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Two Marvin Ridge Students Compete for National Recognition, "Change the World," and Win Scholarship Award

2008: Beijing, China. Olympians are lined up at a starting line for a race. Many are nervous about their ability to perform. Not because they haven’t performed impeccably before; no, they are nervous because of the smog, filling their lungs and making each breath disgustingly painful.

2014: New Delhi, India. Step off of a plane into a crowded airport. You don’t notice the tapestry first. You don’t notice the noise first. You don’t notice the temperature. You notice the stifling air first. You notice the sudden inability to draw a normal breath. You notice fine particles of dust creeping into your lungs.

These stories of smog and particulate pollution ought to be familiar environmentalist ramblings for the entire community, part of a larger trend in climate change. Implicated in that climate change, perhaps most responsible for modern temperature spikes, is the rapid accumulation of carbon dioxide--CO2--in the atmosphere due to fossil fuel burning. Current scientific solutions have focused entirely on creating alternative energy sources, but those solutions are at least ten years away from implementation. The human race needs a stepping stone.

Aniket Palkar and Prakash Mishra decided the solution to this issue was in the use of natural biological processes to curb CO2 emissions. They designed a piston-style catalytic converter which sits comfortably on the exhaust of the average household car which harnesses the photosynthetic power of algae to convert CO2 into clean oxygen, O2. To test the viability of the piston, they simulated the pressurization effect of a moving piston by creating a “u-tube” design. This design eliminated over 21 moles of  CO2, a sizeable majority of the emissions. This rough design was intended to be the inefficient prototype, meaning the version which was designed would, as proven by mathematical pressure analysis, provide an improvement on this number.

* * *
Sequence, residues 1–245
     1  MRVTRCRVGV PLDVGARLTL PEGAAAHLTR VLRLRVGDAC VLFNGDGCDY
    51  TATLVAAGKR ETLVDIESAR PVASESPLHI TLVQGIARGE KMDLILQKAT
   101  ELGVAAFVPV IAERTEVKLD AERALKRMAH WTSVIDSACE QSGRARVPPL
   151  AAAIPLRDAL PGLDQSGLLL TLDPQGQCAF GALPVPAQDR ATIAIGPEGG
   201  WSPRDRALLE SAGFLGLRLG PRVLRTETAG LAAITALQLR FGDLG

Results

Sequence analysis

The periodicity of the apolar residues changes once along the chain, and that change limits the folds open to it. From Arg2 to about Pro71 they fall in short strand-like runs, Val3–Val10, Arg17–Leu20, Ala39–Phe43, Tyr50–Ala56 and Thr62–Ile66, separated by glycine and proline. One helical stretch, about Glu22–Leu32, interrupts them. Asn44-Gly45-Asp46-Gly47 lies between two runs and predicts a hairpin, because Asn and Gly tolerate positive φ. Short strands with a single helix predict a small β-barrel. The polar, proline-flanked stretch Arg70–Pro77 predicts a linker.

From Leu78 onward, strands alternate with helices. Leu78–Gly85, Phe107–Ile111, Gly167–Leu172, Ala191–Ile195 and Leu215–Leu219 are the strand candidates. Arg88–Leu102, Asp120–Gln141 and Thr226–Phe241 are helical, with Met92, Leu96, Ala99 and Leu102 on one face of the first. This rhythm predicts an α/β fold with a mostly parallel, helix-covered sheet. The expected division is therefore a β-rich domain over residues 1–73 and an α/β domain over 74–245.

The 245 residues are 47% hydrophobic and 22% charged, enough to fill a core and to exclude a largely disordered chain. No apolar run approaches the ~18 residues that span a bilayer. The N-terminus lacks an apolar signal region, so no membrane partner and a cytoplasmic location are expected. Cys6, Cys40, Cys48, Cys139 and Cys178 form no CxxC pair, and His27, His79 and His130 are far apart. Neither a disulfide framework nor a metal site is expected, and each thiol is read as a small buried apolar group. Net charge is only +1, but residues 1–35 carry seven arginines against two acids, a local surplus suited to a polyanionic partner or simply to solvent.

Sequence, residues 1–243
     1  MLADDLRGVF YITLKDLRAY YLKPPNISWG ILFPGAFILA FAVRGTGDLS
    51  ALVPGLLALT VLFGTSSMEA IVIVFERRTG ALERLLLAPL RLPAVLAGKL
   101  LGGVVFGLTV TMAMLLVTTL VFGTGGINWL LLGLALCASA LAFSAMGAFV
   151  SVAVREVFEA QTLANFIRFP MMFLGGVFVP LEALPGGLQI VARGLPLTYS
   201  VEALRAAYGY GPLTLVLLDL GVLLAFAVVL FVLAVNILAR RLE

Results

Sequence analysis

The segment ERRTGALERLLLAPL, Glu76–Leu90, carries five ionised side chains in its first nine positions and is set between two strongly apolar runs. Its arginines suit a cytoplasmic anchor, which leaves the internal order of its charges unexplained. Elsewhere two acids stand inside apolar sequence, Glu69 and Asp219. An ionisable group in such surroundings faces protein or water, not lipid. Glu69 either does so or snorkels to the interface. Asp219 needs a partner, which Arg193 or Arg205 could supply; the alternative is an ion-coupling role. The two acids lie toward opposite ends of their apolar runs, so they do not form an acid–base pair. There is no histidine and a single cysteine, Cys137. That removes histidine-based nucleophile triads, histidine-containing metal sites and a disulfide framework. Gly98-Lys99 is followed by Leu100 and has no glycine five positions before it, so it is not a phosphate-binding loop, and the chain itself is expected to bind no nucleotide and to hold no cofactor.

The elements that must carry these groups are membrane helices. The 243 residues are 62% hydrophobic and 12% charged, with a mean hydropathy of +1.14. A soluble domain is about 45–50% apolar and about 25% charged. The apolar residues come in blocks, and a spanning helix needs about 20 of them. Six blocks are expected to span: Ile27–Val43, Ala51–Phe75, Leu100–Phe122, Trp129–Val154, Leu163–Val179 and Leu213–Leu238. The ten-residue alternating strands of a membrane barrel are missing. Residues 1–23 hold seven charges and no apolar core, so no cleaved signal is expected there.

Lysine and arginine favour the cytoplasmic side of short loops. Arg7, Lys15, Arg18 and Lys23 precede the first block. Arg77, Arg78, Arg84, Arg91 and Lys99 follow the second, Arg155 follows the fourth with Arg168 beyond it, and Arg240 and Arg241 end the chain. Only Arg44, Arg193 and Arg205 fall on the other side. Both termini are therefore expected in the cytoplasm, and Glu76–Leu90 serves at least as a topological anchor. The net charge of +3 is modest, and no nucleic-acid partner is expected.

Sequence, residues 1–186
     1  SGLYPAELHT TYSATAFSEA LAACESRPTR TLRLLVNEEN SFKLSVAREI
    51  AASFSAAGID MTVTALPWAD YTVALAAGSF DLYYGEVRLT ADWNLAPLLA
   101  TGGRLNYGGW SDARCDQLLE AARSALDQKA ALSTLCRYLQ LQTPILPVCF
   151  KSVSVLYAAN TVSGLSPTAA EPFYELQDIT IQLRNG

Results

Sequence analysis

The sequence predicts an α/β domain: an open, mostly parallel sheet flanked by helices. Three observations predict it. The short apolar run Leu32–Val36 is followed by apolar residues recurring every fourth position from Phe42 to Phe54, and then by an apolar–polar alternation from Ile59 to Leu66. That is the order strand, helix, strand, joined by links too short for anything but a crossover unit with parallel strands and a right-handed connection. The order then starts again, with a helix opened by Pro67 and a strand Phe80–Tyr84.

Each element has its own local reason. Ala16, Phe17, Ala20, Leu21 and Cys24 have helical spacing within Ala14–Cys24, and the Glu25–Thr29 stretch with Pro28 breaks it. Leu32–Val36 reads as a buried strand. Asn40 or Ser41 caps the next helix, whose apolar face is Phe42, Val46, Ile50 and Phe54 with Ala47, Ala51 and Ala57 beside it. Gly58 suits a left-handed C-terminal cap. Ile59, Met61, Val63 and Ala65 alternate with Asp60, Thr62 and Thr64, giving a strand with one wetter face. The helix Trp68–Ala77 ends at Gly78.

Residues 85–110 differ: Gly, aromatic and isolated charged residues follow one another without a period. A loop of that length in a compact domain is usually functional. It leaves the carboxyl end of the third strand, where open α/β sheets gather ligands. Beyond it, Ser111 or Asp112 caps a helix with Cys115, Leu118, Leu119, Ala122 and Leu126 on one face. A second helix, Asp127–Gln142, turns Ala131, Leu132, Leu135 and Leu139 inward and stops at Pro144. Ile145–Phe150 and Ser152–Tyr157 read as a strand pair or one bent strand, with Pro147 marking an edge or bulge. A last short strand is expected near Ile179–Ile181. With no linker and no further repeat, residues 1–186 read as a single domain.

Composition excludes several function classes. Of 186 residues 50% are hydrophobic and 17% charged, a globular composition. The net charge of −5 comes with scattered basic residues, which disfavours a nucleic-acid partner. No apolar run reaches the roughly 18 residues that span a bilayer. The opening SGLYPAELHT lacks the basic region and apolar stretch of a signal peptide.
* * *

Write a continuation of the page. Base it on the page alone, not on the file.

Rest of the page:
This solution was revolutionary and to begin spreading the word the team used various science fairs as platforms to raise awareness in the scientific community. They intend to crowdfund the further development of the second, more efficient piston design, and then present this design to corporations who can have it implemented in household cars.

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Editor's Note:  Prakash and Aniket won second place, which included sharing in $25,000 in Scholarship Awards.  Marvin Ridge High School was the recipient of $2500 for Science and Math Education from Siemens.  

Written by: Prakash Mishra, Marvin Ridge Junior
Posted: May 03, 2014 by Lisa Justice

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